The Song of the Clyde, made famous by Paisley born Kenneth McKellar, waxes lyrical about the “Wonderful Clyde”, but to an outsider like me, ‘wonderful’ wasn’t the first adjective that sprang to mind in describing the ribbon of water that flows through the centre of Glasgow: All I knew was that it was full of shipyards and lined with heavy industry. It certainly held a fascination for me, but I couldn’t believe that it was wonderful, or at least not in the way I understood the meaning of the word – but that was before I’d even set eyes on the river, but what do I think now that I have?
I first clapped eyes on the River Clyde at a small town called Crawford in South Lanarkshire. It’s a pleasant little town and very different from my image of the river further north. The town lies about seven miles from Leadhills, where Kenneth McKellar sings about the river that “flows from Leadhills all the way to the sea”. That statement might be accurate enough for most people, but the official location of the source is about a 15-minute drive away where two small tributaries meet at a place called Watermeetings near the Daer Reservoir (55.3994° N, 3.6566° W).
The fledgling river collects water as it seeps out of the Lowther Hills and into the valley which gives its name to the magnificent Clydesdale heavy horse. The journey from its source to the Firth of Clyde is around 110 miles, which makes it the second longest river in Scotland, and as it travels north towards Glasgow its character starts to change.
At New Lanark are the only waterfalls on the river, and in 1786 David Dale joined forces with Richard Arkwright, one of the pioneers of the Industrial Revolution in England, to create a village which included cotton mills and houses for the workers. It continued operating as a going concern until 1968, but then fell into disuse. Fortunately, a conservation trust got hold of it and has since turned it into a major tourist attraction. I’ve still yet to go there, and so the picture below is courtesy of VisitScotland.com.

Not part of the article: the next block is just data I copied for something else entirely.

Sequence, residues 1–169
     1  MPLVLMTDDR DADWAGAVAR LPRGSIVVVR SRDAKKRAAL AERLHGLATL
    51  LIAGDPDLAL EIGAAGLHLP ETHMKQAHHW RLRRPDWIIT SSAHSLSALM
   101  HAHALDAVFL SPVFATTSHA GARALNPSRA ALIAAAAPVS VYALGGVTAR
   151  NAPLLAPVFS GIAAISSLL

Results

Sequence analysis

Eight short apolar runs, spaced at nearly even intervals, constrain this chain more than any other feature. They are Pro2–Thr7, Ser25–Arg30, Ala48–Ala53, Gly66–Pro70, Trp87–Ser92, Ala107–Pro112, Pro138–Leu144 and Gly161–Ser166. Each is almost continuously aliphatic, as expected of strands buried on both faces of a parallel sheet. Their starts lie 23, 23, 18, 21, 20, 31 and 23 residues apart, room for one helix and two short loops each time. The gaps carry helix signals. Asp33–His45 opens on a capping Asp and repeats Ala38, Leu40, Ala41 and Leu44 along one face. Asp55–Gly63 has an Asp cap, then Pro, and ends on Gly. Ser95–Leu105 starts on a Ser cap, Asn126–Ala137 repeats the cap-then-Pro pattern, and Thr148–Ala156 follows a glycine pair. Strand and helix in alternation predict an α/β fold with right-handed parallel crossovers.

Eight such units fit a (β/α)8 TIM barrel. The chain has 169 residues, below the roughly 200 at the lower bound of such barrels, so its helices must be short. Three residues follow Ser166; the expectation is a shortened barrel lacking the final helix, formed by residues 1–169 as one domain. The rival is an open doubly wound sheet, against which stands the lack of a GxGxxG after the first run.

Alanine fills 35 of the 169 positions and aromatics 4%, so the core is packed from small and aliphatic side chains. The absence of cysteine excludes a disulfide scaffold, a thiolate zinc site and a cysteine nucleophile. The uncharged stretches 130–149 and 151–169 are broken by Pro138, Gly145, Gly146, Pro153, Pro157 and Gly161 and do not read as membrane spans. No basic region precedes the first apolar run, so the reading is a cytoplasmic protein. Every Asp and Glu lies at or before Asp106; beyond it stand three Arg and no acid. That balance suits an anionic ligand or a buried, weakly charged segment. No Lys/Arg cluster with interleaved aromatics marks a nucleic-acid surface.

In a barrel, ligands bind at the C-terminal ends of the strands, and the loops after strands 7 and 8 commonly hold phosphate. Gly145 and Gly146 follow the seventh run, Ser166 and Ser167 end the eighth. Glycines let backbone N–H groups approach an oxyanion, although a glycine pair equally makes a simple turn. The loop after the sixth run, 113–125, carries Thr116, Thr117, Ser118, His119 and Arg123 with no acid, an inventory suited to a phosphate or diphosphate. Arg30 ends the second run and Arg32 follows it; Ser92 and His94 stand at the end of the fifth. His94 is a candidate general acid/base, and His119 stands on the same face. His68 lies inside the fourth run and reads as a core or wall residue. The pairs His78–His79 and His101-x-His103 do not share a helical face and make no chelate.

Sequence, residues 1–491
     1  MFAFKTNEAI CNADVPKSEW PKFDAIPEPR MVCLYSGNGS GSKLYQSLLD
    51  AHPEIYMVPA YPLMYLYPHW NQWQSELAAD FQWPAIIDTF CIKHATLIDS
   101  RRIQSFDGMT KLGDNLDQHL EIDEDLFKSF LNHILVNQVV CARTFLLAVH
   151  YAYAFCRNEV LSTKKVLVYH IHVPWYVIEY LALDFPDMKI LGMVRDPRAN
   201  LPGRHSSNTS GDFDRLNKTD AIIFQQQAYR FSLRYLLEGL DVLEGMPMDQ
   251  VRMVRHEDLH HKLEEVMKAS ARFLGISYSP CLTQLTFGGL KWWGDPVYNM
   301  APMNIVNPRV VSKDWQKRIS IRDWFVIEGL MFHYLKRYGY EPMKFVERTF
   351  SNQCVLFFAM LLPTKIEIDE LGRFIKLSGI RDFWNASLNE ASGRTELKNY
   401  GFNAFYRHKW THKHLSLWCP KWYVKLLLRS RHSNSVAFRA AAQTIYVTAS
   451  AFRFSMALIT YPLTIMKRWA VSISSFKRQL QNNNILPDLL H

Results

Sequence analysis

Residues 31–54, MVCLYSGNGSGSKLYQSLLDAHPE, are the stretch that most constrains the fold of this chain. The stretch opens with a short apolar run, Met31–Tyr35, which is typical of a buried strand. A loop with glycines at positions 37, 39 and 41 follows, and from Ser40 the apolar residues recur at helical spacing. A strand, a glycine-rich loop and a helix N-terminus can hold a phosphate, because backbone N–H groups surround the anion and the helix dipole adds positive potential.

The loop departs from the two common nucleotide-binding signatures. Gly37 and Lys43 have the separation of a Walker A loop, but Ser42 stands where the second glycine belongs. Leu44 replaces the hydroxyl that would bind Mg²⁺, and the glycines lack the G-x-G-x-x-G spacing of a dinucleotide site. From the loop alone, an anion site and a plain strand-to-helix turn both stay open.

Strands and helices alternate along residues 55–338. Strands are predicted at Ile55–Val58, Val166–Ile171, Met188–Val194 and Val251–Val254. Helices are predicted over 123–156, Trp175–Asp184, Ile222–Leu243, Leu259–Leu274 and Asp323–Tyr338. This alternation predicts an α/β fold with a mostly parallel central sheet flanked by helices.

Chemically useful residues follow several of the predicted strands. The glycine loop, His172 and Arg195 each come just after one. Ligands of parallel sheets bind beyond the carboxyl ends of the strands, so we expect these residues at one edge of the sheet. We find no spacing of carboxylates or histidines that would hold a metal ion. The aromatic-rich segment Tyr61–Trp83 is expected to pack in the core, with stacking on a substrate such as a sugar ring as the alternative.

The first glimpse I got of any industrial intrusion into the Clyde Valley was at Motherwell, or more precisely, the Ravenscraig Steelworks. It wasn’t really a glimpse, because you couldn’t miss it as it dominated the whole area, but unlike New Lanark, when the steelworks were finished with, the site was bulldozed, leaving 770 employees out of work at the plant and 10,000 others who were associated with it. Today, it is regarded as the largest brownfield site in Europe with plans to build the new town of Ravenscraig.
The river then snakes around Blantyre (home of the explorer David Livingstone) and Uddingston (home of Tunnock’s teacakes) towards the city of Glasgow. On the south side is the Gorbals with what’s left of its high-rise flats and Strathclyde Distillery, and on the north side is Glasgow Green, the city’s oldest park.
On the banks of the river at Glasgow Green is the lifeboat station of an organisation called the Glasgow Humane Society: In 1932 a man by the name of Ben Parsonage was appointed the society’s officer, and by the time he passed away in 1979, the records show that he had recovered at least 2000 bodies from the Clyde’s murky water – but at the same time had also rescued at least another thousand. In his obituary, the Scottish Daily Record described this “shy unassuming boatman” as “single-handedly rescuing more people from drowning than any man in Britain”.
His son George, carried on where his father left off, and has also saved countless lives, as well as fishing out around another 1500 bodies. George has recently retired, but I’m sure he would agree with me that although water is a giver of life, it can also take it away.
From St. Andrew’s Suspension Bridge next to the Humane Society’s Lifeboat Station to the Broomielaw in the city centre, there are another 9 crossings connecting the north and south sides of the river: People, cars and trains are all carried across on a variety of bridges which not only span the river, but also time, as different designs, materials, techniques and engineering skills have gradually changed the appearance of this stretch of the river over the years.